London is a very special city to me, almost a home away from home. I've been there literally more times than I can count, and I know certain streets like the back of my hand. I love London's history and architecture but also how it is never the same city twice, how each time I visit I find new nooks and crannies to explore. This trip I made a point of seeing some of the bigger-name sights that had never before found their way onto my agenda, and also to soak up the atmosphere in the very cool East End neighborhood where I was staying. And of course to visit some old favorites too. You may find a full set of my vacation snapshots here.
1) British Museum
This is almost always my first stop post-arrival (after a meal at the Wagamama across the street), and I make a beeline for the bodhisattvas in the Asian galleries to tell them everything that's happened since the last time I visited. Then past the Rosetta Stone and the Babylonian gates and wall carvings to the Greek vases, where I stop to gaze upon Exekias's rendering of Achilles and Penthesilea, the warring pair with their eyes locked and falling in love at the moment he kills her. Then into the great gallery of the Parthenon marbles to find my favorite centaur...The list goes on and on. I think of the British Museum as "my" museum, and it's one of those places that doesn't necessarily flaunt its wares. You will find the most amazing Mesoamerican jade mask hidden behind a case at the back of the room, for example, rewarding those who take the time to look.
2) National Gallery
I had only been here before for special exhibits and had never taken the time to tour the galleries proper, so I basically wandered around for a couple hours in an art-bliss stupor. Just for starters: Van Gogh's sunflowers, Botticelli's gods and goddesses, van Eyck's tricky Arnolfini portrait, Velázquez's odalisque, a gorgeous mess of implied speed and light as only Turner could do. I also got a kick out of that sumptuous baroque fabric on the walls that gave the entire proceedings just a hint of the boudoir. Oh and did I mention Katharina Fritsch had a giant rooster (ahem, Cock) installed on the Fourth Plinth just outside, in Trafalgar Square?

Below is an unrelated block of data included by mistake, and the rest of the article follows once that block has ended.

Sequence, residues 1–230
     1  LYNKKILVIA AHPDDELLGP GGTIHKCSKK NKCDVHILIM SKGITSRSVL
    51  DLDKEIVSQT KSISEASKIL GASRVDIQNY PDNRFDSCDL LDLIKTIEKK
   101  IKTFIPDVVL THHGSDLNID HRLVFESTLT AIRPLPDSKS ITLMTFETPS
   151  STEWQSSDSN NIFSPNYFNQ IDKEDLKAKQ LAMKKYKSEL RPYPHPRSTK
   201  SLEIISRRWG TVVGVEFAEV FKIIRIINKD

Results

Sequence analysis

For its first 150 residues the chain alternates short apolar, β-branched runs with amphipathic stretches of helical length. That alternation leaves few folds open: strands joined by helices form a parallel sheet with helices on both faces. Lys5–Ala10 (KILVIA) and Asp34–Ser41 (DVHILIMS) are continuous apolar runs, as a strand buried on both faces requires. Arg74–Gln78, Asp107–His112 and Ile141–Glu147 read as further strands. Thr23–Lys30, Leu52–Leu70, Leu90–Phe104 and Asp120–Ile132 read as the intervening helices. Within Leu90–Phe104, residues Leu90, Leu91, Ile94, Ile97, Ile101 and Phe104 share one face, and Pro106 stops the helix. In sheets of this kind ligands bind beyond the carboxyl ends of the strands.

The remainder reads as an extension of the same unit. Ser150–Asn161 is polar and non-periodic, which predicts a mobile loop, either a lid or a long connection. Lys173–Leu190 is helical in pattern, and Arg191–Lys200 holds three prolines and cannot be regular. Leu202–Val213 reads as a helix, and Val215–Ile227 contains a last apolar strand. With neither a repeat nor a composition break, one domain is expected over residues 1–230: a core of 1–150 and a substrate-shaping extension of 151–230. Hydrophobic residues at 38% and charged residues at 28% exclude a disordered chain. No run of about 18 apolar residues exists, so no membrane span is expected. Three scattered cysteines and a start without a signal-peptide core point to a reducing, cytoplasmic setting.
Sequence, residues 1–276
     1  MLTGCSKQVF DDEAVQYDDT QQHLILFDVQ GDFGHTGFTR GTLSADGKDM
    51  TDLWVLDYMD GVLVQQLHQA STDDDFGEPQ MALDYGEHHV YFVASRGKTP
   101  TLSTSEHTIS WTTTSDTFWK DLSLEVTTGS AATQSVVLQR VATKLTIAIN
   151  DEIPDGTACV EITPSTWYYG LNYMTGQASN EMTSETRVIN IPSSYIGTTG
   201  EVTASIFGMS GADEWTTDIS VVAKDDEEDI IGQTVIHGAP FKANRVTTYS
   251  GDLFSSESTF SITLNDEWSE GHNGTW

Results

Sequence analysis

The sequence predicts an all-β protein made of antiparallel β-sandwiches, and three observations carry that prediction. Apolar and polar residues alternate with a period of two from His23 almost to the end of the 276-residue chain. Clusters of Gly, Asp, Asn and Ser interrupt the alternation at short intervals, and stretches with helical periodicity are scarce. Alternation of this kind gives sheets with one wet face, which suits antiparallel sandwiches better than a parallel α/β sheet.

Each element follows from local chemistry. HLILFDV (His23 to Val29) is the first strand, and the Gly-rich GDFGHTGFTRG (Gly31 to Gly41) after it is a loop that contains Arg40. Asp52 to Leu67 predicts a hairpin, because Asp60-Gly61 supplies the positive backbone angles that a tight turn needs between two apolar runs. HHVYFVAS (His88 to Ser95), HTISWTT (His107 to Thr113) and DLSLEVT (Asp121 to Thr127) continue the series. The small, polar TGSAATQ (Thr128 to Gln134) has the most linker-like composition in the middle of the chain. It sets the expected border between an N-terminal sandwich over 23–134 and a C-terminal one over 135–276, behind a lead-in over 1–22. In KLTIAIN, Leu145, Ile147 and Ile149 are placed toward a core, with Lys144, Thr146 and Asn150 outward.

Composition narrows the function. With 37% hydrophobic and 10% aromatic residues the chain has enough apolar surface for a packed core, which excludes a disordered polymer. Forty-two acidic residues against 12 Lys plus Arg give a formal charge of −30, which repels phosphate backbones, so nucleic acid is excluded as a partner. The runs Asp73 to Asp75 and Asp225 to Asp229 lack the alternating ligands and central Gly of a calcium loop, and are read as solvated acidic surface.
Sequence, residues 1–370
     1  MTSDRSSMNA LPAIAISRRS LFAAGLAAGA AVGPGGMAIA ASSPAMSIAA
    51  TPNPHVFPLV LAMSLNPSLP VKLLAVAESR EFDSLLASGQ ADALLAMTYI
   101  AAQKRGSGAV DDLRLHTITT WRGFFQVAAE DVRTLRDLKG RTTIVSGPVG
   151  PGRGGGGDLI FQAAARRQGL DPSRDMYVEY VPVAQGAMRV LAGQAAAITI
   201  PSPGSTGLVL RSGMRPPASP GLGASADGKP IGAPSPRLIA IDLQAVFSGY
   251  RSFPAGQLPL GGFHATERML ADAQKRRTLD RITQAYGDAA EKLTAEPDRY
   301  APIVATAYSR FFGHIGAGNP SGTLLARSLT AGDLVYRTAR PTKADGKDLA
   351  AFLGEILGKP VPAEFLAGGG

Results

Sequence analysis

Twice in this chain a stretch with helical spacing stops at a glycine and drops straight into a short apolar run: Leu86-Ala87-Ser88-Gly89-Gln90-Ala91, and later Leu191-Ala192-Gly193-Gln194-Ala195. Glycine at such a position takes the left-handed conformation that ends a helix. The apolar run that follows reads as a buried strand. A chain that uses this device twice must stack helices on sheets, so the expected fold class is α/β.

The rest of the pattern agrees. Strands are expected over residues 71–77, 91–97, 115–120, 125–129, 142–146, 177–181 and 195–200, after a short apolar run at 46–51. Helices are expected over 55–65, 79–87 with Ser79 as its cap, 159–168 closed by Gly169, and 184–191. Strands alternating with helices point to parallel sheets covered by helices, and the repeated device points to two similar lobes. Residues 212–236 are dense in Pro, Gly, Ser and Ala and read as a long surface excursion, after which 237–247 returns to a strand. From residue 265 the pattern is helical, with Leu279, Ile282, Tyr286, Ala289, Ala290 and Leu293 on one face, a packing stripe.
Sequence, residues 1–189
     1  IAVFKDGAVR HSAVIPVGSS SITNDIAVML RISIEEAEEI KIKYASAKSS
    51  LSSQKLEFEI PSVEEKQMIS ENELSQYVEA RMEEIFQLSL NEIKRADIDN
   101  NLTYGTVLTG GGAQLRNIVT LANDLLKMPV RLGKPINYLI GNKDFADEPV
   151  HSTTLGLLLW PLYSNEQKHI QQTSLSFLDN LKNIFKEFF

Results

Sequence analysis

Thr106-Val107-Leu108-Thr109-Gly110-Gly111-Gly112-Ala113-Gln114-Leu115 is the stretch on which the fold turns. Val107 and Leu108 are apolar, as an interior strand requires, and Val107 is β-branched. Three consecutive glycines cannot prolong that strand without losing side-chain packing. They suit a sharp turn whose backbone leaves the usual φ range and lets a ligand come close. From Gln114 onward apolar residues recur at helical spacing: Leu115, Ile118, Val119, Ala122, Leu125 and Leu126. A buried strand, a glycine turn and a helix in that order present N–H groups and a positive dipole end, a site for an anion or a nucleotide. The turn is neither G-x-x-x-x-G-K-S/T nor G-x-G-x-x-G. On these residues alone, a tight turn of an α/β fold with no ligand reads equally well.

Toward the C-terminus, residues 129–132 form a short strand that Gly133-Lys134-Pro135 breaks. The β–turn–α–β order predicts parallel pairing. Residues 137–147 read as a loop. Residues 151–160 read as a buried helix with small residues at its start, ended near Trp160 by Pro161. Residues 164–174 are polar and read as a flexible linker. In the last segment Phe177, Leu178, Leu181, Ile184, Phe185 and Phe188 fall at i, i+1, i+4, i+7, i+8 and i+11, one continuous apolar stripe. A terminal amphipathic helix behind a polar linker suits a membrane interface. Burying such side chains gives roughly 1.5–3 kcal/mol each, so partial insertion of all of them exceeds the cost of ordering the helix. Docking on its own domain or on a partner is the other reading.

3) Tower of London
Another "touristy" attraction I'd never visited, I underestimated how wowed I'd be by the sheer weight of history here. Past home to monarchs, current residence of the Crown Jewels, and of course all those beheadings (recounted with salacious detail on a must-do tour by an official Yeoman Warder). I also very much enjoyed mucking around in the medieval palace and trying to sidle up to the famous ravens.
4) East London
I could not have chosen a better base of operations than the glorious Town Hall Hotel (also home to one of the best meals I had this trip, at Nuno Mendes's Corner Room). From there I was easy striking distance to the Columbia Road flower market, bars like Queen of Hoxton with its rooftop WigWamBam and the innovative White Lyan, delicious cuisine both fancy (Boundary) and not (Brick Lane Beigel Bake, Leila's Shop), sublime vintage shopping on Cheshire Street, and London's version of Off the Grid at the Hawker House Street Feast. I also kept being drawn back to the picturesque Regent's Canal, lined as it is with ye olde houseboats and lovely places to grab a pint like the Dove Freehouse.
5) Houses of Parliament
My dear friend Marilyn works for MP Tom Brake (Deputy Leader of the House of Commons) and arranged for one of his interns to give me a private tour of the Houses, which totally ruled (thanks, Emily!!). We toodled through vast Westminster Hall and the chambers and got as close as you can get to Big Ben -- the foot of Elizabeth Tower is actually Parliament's designated smoking section. We capped it off with a look at the portraits of former PMs and MPs in Portcullis House and then lunch in the Parliamentary dining room where I got to meet some more of Mr. Brake's interns. Also thank you to the British taxpayers for subsidizing my veggie curry.
6) Tate Modern
Though the "other" Tate is actually the first museum I ever went to when I first arrived in London for my junior year abroad lo those many years ago, the Modern has since become my preferred stop, one of my favorite museums in the entire world for its Herzog and de Meuron architecture (omg the Turbine Hall), for the views across the Thames to St. Paul's from its seventh-floor cafe and restaurant, and of course for its collection. The first time I saw those Rothkos pictured above I sniffed at them, so obsessed was I at the time with the pre-Raphaelites, but now I weep in front of them. This visit they were hung in the same wing as a slideshow by my hero Allan Sekula (R.I.P.) and an entire room of Richter's vast silver smear paintings. It's like the curators knew I was coming.
7) Natural History Museum
Can you believe I'd never set foot in here? Some engineer's daughter I am. I did an excellent job of rectifying the situation this time, running rampant through the endless collections that include dinosaurs (hello, triceratops, my spirit animal) and dodos (!). The architecture of the original building is straight out of a fairy tale, with the outside encrusted with multitudes of animals instead of gargoyles. Contrast the original building with the spanking-new Darwin Centre, a glass-encased concrete cocoon where the work of taxonomy continues and visitors may learn about what scientists actually do. Yeah I was in heaven.